As manual therapists we all face the question, “How can I best facilitate tissue release and allow the muscle to return to its happy, healthy resting state while maintaining my own ecology of movement?” I stumbled across an answer to that dilemma about twelve years ago and have been refining my approach ever since in both my private practice and CE seminars. I call it Muscle Swimming because I was delightfully amazed by how effortlessly I “swam” through tissue layers when I implemented the two primary techniques of Muscle Swimming, Pin and Rock and Pin and Move. Utilizing these strategies completely transformed my sessions, both for my clients and me. My clients loved how easily and painlessly I achieved tissue depth and release. Therapeutic effects of sessions lasted longer and outcomes were easier to achieve. I felt more energetic and present since I wasn’t working so hard. I smiled more!

Muscle Swimming uses physiology to facilitate release of myofascial structures allowing the therapist to work smarter and the client to have co-ownership of the session. Active and passive movement strategies are essential ingredients in all the Muscle Swimming protocols. This powerful combination of active and passive movement maneuvers turns off hyperactivity in muscles and joint receptors. It also facilitates the separation and lifting of fascial layers. In this article we’ll focus on the wondrous portal of Pin and Rock.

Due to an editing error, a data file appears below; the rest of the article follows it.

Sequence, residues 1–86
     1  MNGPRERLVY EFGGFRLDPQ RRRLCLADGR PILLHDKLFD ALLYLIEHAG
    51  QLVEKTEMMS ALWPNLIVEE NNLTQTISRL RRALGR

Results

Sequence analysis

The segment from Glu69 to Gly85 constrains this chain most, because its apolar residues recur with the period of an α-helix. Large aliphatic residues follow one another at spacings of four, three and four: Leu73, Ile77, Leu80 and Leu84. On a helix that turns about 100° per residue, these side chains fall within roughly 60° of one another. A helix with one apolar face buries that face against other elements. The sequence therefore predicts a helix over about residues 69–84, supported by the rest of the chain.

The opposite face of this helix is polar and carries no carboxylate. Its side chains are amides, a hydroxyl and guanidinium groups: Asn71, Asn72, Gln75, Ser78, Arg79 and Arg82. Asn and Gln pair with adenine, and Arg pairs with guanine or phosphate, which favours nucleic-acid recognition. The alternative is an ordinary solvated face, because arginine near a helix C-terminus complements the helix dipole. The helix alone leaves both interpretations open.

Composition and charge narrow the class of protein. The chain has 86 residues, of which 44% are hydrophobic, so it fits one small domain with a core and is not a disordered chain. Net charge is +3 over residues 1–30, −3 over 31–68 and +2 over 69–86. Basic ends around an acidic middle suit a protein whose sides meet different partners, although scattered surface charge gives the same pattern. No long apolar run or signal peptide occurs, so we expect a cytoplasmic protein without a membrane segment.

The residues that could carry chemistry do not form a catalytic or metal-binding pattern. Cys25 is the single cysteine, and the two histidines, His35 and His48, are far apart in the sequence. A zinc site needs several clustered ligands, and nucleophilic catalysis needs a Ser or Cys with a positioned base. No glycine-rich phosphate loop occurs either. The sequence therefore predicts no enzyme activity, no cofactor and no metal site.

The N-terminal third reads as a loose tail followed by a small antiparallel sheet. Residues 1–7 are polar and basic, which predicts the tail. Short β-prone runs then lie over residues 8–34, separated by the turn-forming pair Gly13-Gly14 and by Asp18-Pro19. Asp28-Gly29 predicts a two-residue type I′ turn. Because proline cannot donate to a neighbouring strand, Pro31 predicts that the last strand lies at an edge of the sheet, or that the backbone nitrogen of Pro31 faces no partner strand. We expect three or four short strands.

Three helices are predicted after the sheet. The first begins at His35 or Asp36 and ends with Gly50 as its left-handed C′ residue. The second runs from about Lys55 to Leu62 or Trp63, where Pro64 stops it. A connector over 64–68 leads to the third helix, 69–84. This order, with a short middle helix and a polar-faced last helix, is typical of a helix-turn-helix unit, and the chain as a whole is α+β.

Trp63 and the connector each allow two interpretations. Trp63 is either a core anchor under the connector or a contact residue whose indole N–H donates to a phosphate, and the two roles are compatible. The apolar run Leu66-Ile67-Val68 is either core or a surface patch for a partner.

Pin and Rock is a compelling strategy that serves as a portal to deep tissue work. The therapist gradually presses to find the tissue’s first barrier. Then the muscle is gently pinned, and the therapist adds slow rocking. Rocking has an immediate calming effect. It stimulates the parasympathetic system, harking us back to the time when we were rocked for nine months in the womb. Think of it as a way of introducing yourself and saying hello to the tissue.

Our first encounter with a stressed myofascial unit should be gentle and non-threatening. Passively shorten the muscle, gently pin it with multiple fingers for a broad, dispersed pressure and add a slow rhythmic rocking of the joint. In fact, the first nerves to myelinate in the human fetus are the vestibular nerves which sense movement. Our first consciousness is that we are moving beings. Be patient – wait for the tissue to soften and yield before moving to the Pin and Move protocol. Come back to this Pin and Rock maneuver whenever you sense guarding in your client. Watch the video below to see an example of Pin and Rock to melt through myofascial layers to access the iliopsoas.

Next month we’ll look at Pin and Move – using active movement to release myofascial contractures and improve proprioception.